David Soliday has turned agricultural history into art


remnants-rice2The York W. Bailey Museum at the Penn Center National Historic Landmark will host a debut exhibition by Charleston photographer David Soliday, entitled “Remnants of Rice Fields in South Carolina”, featuring images of rice fields from Georgetown to Beaufort, South Carolina.   The gallery opening will be held on February l9, 2011 from 5:00-7:00 p.m., featuring an artist’s talk and a taste of Gullah rice sampling.  The admission to the event is $6 for adults.


“Remnants of Rice Fields” is a collection of photographs of aerial and ground landscapes documenting today’s status of the physical landscapes of the once magnificently sculptured “Carolina Gold” rice fields along the tidal swampland extending from northern Florida to southern North Carolina.  Photographer David Soliday has captured on canvas what remains of these century-old marvels into framed art for the discerning collector.  “I would like to think that my photographs made the fields into an art form, and in so doing I was also documenting an ending physical history of America’s beginnings that are soon to be lost,” said Soliday.   His complete collection includes hundreds of photographs of abandoned rice fields, often considered one of the largest civil engineering feats of mankind, facing possible destruction along the coastal Gullah/Geechee Cultural Heritage Corridor.  Soliday is hoping to bring national attention to these ancient ruins of a disappearing rice empire and a cultural heritage that is quickly being reclaimed by nature and displaced by economic development.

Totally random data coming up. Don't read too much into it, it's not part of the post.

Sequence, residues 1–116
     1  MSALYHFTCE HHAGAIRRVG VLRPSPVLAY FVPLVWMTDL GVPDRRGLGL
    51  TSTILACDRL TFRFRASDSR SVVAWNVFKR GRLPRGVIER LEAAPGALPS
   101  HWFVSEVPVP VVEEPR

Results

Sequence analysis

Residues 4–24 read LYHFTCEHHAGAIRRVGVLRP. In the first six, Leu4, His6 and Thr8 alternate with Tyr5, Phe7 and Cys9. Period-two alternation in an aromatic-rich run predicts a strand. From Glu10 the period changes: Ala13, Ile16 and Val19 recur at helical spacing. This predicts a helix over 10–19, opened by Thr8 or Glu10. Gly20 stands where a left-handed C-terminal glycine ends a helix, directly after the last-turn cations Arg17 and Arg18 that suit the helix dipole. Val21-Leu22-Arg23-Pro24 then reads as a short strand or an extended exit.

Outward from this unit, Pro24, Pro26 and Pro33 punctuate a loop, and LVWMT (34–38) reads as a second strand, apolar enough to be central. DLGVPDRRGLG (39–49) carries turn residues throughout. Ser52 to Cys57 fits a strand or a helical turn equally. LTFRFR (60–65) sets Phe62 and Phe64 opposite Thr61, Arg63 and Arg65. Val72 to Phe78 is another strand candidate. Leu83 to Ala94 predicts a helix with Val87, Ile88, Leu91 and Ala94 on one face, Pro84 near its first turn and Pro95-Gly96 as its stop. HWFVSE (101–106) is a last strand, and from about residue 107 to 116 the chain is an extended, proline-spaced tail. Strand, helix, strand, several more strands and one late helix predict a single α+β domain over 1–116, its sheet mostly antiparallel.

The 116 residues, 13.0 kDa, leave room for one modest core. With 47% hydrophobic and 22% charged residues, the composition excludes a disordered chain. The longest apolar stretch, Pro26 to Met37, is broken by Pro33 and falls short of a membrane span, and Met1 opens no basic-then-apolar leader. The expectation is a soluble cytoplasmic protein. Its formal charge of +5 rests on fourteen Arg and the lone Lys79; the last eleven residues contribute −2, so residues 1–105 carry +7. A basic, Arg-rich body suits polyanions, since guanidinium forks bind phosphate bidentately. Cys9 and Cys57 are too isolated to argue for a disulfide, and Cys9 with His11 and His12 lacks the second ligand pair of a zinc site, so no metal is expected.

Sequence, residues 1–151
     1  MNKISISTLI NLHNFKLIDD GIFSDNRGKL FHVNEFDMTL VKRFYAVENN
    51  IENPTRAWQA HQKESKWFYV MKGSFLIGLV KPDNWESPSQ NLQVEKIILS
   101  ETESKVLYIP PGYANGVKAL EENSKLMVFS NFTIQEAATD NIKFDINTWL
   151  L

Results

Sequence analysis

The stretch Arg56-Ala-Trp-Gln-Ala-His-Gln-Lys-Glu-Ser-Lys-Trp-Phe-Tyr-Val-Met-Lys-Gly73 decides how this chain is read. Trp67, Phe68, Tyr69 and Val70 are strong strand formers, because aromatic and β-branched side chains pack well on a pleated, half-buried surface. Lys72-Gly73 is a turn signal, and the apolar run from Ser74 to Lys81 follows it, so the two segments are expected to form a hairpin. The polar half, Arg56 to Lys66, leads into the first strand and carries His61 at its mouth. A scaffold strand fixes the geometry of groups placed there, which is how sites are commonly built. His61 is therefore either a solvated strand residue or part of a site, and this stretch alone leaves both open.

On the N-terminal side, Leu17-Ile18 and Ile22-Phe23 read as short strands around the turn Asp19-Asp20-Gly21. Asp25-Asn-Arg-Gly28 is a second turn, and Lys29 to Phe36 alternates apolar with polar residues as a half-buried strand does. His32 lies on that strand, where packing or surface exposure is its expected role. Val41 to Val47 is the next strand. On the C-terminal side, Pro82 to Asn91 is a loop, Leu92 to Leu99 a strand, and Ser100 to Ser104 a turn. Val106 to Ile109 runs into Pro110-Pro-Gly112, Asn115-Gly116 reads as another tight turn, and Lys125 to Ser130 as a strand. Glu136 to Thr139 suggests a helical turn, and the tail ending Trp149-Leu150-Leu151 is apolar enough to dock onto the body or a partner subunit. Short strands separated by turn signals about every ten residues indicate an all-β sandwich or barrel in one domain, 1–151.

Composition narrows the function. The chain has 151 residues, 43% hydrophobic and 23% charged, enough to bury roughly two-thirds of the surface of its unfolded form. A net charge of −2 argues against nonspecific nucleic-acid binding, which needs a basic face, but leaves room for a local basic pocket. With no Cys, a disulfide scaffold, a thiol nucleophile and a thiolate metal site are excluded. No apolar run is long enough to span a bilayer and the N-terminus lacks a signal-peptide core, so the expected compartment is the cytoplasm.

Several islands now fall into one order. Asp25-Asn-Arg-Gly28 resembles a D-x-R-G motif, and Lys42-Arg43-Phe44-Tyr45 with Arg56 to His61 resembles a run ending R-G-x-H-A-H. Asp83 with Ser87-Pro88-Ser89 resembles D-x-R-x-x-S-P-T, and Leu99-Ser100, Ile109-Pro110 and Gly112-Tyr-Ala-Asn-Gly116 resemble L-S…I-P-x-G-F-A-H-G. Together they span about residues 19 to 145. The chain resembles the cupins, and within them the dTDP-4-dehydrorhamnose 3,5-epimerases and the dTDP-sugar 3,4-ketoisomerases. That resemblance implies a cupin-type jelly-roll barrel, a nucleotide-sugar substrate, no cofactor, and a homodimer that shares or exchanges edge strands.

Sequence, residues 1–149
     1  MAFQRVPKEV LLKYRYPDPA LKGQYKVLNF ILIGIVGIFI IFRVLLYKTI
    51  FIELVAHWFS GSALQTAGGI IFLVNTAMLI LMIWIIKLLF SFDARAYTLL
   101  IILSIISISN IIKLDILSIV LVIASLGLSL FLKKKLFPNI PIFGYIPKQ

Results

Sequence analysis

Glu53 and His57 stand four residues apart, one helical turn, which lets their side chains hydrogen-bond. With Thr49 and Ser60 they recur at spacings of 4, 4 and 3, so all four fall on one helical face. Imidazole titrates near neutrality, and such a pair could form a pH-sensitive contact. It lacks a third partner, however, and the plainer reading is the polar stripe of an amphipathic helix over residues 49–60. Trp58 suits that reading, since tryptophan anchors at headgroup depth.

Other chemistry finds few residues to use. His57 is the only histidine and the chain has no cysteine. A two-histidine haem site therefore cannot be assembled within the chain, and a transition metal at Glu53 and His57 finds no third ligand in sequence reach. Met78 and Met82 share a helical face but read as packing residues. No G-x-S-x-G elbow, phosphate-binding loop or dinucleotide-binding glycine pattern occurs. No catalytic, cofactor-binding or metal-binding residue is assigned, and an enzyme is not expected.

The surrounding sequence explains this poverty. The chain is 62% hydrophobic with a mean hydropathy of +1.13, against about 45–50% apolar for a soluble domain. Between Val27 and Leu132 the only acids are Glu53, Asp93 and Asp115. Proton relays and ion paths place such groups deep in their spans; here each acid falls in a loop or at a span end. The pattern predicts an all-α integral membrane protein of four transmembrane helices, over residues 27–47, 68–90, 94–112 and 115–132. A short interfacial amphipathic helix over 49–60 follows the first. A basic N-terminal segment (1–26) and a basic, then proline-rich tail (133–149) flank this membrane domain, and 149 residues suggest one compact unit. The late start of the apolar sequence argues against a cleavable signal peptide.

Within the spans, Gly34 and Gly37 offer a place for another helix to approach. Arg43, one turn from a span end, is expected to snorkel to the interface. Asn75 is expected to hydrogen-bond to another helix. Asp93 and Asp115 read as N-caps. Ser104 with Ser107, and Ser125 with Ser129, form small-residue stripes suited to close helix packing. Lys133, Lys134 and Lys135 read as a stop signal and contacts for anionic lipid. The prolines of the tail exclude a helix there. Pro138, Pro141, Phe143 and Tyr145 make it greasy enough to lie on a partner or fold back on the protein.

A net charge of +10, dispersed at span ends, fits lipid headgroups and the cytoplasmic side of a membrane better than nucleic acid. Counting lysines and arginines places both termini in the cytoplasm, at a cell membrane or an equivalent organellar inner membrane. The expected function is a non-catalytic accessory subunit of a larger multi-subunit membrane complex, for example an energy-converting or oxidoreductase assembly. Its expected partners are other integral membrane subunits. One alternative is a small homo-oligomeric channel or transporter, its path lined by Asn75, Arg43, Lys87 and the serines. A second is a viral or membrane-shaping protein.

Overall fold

David Soliday is a free-lance photographer whose editorial credits include the National Geographic, National Wildlife and The Smithsonian.  His inspiration for this photography project was fostered when he lived for twenty-five years in a remote cabin built on the foundation of a former slave cabin located near thousands of acres of abandoned rice fields in South Carolina.  In his soon-to-be-published book, Pride from Bondage—The Story of African Americans Building a Rice Empire, Soliday writes:  “The one hundred and twenty-five years of neglect, currents and storms have exposed the underpinnings of once daunting man-made structures—massive yards of spliced cypress logs, upright pilings, partially submerged flat boats—long sunk and forgotten.  Being aware that all this craftsmanship was before the age of machinery, I paused to give thought to the human toil and to the eight generations of enslaved souls that created them.”


The Penn Center believes that Soliday’s collection represents one of the most tangible examples of remnants-rice-field-imagethe contributions made by eight generations of enslaved African Americans to American society.  The physical monuments of these rice fields are like the Egyptian pyramids, which symbolize the physical heritage of a nation’s history, and are a testament to the survivability of an enslaved people.  Soliday’s exhibit is only part one of his ultimate quest.  The International African American Museum will serve as the fiscal agency for his project on “A Comparative Study of American and West African Rice Fields.”  Several years ago while studying satellite images of rice fields in West Africa, Soliday found overwhelming evidence that visually illustrated that African technology was the source of colonial rice fields in America.  A curator of The Smithsonian called his work “monumental and groundbreaking” research.   Soliday is hoping to fund his travels to West Africa to begin an aerial photography study of identifying and mapping rice fields and landforms in Africa similar to those in the Southern United States.


The “Remnants of Rice Fields” exhibit and art sale will run from February l9-March 31, 2011.  For reservations, please contact the York W. Bailey Museum at Penn Center; (843) 838-2474.  Museum hours are 11:00 a.m. to 4:00 p.m., Monday-Saturday.  Penn Center is a 501(c)3 non-profit organization.

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